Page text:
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'You can't have it both ways:' Calgary city manager warns

City of Calgary will have to look closely at services in the future as administrators grapple with weathering the economic storm

City of Calgary Manager Jeff Fielding.

Helen Pike / Metro Order this photo

City of Calgary Manager Jeff Fielding.

Calgarians are in for a rude awakening in the next few years as the city faces tough choices to help grapple with the effects of the provincial economic downturn.

On Monday, city manager Jeff Fielding warned councillors about the city's $170 million operating budget gap for 2018, and an even more dire report to come for 2019 as the city weathers the aftermath of an economic storm.

Coun. Peter Demong said he's concerned about what approving new developments could do to the already suffering downtown vacancy rate.

"You've truly identified the strategic decisions we need to make as a community and as a council," said Fielding. "This is not going to be an easy conversation."

Mayor Naheed Nenshi said Demong put his finger on an incredibly important point; the challenge moving forward is going to be about city building in a fragile economic recovery period.

Fielding added that the city and developers were lucky the economic downturn hit while a lot of projects were in their advanced phases, and not just a shovels in the ground situation.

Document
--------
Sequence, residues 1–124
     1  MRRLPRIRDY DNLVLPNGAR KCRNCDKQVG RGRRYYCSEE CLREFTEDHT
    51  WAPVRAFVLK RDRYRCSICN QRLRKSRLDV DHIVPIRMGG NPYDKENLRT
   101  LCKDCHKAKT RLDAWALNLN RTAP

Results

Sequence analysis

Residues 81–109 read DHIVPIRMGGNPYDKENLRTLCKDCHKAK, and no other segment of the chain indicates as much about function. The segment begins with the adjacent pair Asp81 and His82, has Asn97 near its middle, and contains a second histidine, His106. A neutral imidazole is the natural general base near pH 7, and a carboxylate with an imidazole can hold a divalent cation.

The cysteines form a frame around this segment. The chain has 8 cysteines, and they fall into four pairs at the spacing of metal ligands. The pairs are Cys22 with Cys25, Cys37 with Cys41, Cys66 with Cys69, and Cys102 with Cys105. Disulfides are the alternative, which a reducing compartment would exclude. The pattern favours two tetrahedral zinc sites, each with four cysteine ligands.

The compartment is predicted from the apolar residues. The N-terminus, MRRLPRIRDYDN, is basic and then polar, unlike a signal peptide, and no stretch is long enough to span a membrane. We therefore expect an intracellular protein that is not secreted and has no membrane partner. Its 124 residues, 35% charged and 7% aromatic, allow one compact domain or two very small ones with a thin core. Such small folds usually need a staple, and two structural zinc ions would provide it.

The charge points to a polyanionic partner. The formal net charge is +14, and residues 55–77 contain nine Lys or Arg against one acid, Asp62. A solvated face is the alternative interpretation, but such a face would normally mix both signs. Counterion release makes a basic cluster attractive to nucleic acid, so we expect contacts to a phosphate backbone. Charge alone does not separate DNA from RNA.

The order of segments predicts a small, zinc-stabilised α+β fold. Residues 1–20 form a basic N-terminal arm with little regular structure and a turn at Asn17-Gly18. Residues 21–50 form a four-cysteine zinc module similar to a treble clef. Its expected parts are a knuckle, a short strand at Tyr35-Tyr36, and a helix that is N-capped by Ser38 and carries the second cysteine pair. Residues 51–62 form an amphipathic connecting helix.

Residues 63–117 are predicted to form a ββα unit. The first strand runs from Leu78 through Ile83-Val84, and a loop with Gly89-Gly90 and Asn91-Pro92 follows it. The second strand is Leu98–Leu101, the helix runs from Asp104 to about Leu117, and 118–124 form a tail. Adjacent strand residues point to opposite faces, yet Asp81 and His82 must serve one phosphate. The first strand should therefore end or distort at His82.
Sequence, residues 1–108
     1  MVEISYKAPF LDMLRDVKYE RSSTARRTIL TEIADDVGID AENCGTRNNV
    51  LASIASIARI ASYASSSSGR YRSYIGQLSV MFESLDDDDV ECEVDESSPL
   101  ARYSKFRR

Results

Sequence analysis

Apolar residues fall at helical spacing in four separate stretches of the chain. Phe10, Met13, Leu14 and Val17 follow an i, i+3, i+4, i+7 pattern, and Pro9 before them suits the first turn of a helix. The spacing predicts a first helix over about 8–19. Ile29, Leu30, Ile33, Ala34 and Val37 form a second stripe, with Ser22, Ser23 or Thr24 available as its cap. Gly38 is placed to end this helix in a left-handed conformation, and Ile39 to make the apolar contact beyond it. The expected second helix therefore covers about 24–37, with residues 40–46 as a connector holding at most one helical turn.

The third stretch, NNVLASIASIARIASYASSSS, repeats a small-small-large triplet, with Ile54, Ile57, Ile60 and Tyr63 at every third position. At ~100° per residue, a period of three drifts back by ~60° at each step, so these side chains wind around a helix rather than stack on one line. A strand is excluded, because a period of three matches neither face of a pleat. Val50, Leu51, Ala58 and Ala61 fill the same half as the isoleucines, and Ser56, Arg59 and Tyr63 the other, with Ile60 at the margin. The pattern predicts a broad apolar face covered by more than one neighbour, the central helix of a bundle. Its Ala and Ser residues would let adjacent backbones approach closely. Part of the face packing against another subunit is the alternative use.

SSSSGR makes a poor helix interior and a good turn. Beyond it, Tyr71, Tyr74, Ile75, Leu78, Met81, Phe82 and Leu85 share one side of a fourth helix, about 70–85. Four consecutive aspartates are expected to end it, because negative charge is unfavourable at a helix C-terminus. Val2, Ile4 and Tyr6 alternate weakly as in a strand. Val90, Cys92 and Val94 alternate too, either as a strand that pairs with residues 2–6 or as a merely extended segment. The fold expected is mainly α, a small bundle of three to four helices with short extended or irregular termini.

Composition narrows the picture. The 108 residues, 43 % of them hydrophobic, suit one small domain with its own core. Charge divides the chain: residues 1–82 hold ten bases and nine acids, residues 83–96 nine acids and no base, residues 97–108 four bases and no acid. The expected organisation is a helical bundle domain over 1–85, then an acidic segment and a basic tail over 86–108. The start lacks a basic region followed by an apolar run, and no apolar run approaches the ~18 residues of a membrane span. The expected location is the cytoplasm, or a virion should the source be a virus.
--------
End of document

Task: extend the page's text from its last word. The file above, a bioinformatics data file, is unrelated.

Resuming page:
The mayor also told reporters that citizens should be wary of promises they're hearing at the doors.

"The council that's coming in is going to have to make some very tough decisions, partially for 2018, but really for the 2019 to 2022 business cycle, that will involve increased taxes or fees or significantly cut services – that will have to be the decision," said Nenshi. "If you have candidates coming to your door saying I'm going to invest way more in transit and police and I'm going to freeze taxes, you better ask em' how they're going to do that."

Fielding also warned that council can't have it both ways.

"You can't ask for certain types of programs to be extended, expanded and at the same time look for deep tax cuts," Fielding said. "We could potentially get there in a five-year timeframe, but it would be very difficult to get there in one year."

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